alexander books

NOTICE: The views expressed in The Vermilion's opinion pieces do not necessarily reflect those of The Vermilion staff or of the University of Louisiana at Lafayette.



DISCLAIMER: In light of the COVID-19 pandemic, it is recommended to practice forms of social distancing, which may include refraining from non-essential shopping. While supporting local business is vital to the community, mitigating the effects of this disease should be a collective priority. Take precautions and stay up-to-date with information from government and health officials.


The bookselling industry has undergone a dramatic transformation over the past 20 years, with publishers scrambling to stay ahead of the technological curve. The rise of cloud-based reading services is increasingly stripping literature of its material nature. This has prompted the corporate booksellers to broaden their market and product lines. Now, Barnes & Noble and the like rely heavily on sales from merchandise and tech sales to stay profitable.

Consequently, the bookstore experience is being distorted into a fluorescently-lit gift shop extravaganza. The joy of literature is muddied by the sounds of sales teams pushing the new high-tech reading tablet on their patrons and disgruntled couples arguing over what overpriced toy to purchase for their children.

I might be exaggerating, although my point isn’t entirely in jest. There is something to be said about the corporate profiteering of this deeply treasured pastime. My objections to chain booksellers are simple; I do not support the price gouging and sanitized feel of these businesses.

Perhaps you feel similarly displeased with the current bookselling culture. Any sane person would agree that paying nearly $100 for three or four books is an injustice. Or maybe your qualms are based more on aesthetics. I certainly prefer a bookstore with natural lighting, dusty and obscure novels, and the creak of a wooden floor following me as I peruse the stacks.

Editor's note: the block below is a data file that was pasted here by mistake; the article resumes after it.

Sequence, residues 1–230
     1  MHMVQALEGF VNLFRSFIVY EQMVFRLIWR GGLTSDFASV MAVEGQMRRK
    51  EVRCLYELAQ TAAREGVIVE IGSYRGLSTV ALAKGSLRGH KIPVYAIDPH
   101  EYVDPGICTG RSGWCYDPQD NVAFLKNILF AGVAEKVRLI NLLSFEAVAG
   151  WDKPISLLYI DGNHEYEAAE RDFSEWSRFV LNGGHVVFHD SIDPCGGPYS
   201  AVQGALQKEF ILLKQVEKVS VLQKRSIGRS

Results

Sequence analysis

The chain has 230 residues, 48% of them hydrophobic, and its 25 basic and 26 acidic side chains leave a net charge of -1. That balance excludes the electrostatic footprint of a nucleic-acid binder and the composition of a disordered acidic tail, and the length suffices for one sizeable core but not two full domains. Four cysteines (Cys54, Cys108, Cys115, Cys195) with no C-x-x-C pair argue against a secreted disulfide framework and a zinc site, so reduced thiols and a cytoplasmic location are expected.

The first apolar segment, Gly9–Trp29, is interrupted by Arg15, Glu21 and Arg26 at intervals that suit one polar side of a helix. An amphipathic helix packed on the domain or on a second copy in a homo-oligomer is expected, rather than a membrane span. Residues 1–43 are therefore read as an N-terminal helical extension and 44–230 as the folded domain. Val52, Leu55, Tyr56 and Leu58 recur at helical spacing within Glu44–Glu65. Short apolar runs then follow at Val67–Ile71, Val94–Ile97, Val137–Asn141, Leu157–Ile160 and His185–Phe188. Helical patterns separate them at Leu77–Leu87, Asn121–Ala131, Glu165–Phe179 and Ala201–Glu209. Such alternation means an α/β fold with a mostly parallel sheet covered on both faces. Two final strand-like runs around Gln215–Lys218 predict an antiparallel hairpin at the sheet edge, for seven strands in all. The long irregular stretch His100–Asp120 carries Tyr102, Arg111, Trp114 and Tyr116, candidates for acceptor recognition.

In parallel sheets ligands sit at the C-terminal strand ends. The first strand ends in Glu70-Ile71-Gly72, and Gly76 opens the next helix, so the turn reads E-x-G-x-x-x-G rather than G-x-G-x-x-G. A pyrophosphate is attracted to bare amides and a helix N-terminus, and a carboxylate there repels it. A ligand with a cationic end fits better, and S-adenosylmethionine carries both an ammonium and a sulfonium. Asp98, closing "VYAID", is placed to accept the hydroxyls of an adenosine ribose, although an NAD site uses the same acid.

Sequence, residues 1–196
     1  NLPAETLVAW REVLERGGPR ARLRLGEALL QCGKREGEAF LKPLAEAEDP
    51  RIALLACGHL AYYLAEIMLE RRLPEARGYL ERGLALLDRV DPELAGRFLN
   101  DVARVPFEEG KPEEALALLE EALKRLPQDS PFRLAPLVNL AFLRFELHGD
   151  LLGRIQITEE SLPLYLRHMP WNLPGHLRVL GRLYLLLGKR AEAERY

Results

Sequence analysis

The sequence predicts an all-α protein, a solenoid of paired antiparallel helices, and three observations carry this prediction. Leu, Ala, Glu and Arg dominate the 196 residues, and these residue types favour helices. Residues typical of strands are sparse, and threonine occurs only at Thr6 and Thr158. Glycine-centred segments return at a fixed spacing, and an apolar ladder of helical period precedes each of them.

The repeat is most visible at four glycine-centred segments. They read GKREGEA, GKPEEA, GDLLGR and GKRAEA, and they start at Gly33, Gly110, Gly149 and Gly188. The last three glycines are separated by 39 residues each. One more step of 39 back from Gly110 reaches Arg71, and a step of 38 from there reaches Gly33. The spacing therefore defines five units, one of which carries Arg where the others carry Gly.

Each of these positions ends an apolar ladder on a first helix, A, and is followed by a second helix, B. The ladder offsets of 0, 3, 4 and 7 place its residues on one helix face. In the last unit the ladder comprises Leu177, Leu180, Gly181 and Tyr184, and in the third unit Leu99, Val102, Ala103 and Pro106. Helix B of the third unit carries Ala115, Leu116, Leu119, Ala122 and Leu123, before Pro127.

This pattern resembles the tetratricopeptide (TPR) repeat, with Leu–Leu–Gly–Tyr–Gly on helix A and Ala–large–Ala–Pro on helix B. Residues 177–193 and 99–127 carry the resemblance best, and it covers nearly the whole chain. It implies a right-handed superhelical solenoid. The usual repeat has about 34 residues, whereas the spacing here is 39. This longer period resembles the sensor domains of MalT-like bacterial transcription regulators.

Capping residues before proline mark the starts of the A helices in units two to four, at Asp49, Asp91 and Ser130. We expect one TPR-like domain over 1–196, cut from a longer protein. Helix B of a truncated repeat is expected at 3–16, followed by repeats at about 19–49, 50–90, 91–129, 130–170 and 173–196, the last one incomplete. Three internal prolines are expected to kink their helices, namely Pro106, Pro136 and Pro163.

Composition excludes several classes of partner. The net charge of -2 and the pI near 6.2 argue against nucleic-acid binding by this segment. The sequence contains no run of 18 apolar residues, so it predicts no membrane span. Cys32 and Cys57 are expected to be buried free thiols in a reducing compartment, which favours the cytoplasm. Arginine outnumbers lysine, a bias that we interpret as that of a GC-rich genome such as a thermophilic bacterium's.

One bookstore in our fair city fits that description to a T: Alexander Books. This locally-owned oasis has been peddling literature since 1989, and recently changed ownership as well as location.

Alexander Books is a calm environment. The store is located inside of an older house, with furnishing that provides comfortable places to read and a homelike feel that simply can’t be replicated by your local Books-A-Million.

When you walk in, generally at least one of the four owners will be present to greet you with a smile and answer any question you may have. From there, a whimsical exploration of the house is bound to occur. Every room is lined with bookshelves, with personable wood-engravings labeling the various genres among their selection of books.

The pricing is reasonable, and their inventory is unique. I particularly admire their collection of Louisiana literature, fiction and nonfiction alike. Nothing feels artificial about Alexander Books. It’s a quaint experience, and superior to the overly-commercial vibe of the corporate chains.

Additionally, their bookstore doubles as a venue for live shows and other sorts of events, such as their “Awesome Eating and Drinking Club,” where you can have conversations about books over food and beverages. There’s plenty of opportunities to check out their space even if you aren’t interested in purchasing books. They even welcome people to use the store as a study space.

Alexander Books is located on 2116 Johnston St., so stop by and grab a few books to read through during these tumultuous times of quarantines and health-based seclusion. Be sure to follow them on Instagram @alexanderbooks and check out their website at alexanderbookstore.com.

Load comments